Promoting the success of underrepresented students in STEM
We develop evidence-based interventions in academic environments that increase social belonging, promote confidence, and increase student retention in STEM.
Some of our work focuses on girls and young women’s experiences in the physical sciences, technology, engineering, and mathematics—fields where women are a small numeric minority in classrooms and the workplace. We find that when young women see women scientists, engineers, or mathematicians in real life, through media stories, or when they meet female peers in work teams or through mentoring, such experiences promote their confidence, motivation, willingness to speak up, and career aspirations in STEM. Thus, exposure to women scientists, engineers, and peers in STEM function as “social vaccines” that vaccinate young women’s mind against negative stereotypes. The benefits of our interventions extend well beyond the initial intervention; in some cases, for as much as two years.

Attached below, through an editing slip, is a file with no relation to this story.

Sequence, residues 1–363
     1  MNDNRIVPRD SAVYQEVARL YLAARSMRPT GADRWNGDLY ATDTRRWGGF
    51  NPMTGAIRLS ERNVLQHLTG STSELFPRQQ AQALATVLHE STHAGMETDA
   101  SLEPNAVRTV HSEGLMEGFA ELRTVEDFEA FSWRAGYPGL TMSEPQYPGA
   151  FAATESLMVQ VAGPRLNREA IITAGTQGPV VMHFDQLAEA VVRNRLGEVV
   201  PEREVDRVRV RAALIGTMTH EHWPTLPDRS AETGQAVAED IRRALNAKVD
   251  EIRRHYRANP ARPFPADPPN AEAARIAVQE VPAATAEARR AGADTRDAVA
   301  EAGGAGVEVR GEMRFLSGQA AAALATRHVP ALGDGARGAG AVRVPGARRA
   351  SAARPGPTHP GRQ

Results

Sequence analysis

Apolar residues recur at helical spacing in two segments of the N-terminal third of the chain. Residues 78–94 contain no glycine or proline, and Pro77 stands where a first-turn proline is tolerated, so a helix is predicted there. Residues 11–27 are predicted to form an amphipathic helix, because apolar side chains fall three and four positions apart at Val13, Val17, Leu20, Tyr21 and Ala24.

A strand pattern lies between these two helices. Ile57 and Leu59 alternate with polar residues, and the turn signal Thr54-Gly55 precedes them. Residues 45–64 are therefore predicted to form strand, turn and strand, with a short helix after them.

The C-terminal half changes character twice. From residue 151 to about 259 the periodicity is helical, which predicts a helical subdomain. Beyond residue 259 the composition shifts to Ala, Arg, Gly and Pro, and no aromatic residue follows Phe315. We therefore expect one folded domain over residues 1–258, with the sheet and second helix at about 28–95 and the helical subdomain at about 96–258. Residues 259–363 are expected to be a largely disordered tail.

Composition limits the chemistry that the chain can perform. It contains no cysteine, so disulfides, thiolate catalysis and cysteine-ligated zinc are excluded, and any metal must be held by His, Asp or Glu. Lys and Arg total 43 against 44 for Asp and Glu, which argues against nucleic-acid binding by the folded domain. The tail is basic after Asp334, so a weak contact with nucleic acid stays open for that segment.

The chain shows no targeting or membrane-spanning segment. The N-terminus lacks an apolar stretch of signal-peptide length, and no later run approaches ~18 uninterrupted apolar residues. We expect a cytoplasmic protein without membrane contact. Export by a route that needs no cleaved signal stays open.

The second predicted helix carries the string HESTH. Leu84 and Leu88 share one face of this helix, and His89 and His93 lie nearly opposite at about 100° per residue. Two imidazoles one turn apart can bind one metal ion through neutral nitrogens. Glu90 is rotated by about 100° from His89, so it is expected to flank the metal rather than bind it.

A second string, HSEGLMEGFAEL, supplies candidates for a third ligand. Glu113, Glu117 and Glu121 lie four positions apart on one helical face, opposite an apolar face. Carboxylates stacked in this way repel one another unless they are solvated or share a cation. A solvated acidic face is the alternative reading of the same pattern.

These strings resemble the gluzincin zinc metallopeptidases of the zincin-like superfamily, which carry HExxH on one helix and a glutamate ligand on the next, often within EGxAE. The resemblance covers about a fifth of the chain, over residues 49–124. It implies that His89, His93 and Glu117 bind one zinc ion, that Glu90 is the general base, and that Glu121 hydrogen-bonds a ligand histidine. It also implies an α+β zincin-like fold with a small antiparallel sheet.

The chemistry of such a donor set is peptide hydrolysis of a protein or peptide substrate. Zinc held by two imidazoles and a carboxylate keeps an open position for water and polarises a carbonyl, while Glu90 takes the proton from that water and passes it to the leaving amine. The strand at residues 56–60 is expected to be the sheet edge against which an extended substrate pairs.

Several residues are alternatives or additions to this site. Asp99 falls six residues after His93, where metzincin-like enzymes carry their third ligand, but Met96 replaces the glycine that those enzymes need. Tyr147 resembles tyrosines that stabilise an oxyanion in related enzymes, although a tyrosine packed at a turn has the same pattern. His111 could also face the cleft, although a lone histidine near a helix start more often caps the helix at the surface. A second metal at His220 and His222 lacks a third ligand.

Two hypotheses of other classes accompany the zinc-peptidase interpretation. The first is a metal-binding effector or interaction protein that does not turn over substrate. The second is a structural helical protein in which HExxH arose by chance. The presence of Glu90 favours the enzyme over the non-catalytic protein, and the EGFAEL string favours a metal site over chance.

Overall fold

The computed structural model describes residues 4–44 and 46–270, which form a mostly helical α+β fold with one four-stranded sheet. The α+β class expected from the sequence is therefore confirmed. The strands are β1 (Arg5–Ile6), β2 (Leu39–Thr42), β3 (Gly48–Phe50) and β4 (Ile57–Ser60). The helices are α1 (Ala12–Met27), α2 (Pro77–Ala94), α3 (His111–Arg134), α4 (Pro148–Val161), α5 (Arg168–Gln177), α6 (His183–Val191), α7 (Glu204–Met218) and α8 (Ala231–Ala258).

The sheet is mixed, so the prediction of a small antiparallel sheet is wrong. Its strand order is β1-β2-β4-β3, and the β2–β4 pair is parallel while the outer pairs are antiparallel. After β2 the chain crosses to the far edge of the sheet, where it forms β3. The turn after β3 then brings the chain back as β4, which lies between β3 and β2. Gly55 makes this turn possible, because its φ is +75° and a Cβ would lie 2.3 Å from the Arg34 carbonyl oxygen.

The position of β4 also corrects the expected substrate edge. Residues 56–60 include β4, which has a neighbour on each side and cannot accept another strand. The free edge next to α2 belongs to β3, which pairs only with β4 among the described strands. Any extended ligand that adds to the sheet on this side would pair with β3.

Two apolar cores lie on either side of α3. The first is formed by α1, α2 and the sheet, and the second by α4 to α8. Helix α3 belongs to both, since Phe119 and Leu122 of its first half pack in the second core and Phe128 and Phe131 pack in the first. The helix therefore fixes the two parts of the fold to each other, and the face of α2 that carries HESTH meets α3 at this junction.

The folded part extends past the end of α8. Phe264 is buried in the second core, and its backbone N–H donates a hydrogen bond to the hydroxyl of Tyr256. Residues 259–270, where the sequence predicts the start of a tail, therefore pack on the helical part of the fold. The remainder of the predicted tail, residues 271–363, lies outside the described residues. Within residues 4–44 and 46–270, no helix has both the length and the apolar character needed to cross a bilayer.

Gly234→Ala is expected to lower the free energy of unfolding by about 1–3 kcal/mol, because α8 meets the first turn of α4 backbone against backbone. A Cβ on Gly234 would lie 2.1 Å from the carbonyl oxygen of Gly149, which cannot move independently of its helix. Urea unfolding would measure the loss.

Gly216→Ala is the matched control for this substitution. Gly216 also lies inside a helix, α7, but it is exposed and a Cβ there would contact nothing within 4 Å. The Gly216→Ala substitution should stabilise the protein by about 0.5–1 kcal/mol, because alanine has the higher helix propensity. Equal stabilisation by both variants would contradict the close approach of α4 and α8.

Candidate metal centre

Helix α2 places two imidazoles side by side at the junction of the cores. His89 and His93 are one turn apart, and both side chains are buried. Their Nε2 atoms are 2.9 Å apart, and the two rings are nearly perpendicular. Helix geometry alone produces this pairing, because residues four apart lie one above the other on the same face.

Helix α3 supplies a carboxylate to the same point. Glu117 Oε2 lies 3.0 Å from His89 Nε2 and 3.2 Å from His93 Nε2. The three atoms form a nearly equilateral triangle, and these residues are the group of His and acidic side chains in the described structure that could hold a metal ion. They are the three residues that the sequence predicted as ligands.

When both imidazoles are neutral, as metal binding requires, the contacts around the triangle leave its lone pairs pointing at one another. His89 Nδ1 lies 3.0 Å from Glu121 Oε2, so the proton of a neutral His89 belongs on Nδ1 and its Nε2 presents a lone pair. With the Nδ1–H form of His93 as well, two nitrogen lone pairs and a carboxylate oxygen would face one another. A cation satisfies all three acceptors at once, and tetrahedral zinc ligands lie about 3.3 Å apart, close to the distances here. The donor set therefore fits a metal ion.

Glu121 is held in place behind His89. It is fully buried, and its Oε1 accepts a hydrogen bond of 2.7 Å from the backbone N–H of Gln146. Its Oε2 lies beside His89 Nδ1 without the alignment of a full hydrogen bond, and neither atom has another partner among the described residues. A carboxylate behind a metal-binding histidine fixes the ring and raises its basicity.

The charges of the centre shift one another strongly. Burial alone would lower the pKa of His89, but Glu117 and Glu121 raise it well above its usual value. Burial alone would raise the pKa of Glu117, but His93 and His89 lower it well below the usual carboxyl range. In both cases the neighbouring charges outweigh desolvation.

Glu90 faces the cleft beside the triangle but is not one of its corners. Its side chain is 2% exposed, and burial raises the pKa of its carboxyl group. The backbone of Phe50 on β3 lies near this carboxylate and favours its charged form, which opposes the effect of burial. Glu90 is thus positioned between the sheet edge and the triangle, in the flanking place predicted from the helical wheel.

We also find that young women benefit from reading stories about women who are professional leaders. However, this is only the case if these women leaders’ successes are framed as achievable. When women leaders are promoted as ‘superstars’ whose talent was innate and unusual, they didn’t inspire other women’s aspirations. In fact, sometimes they deflated others’ aspirations.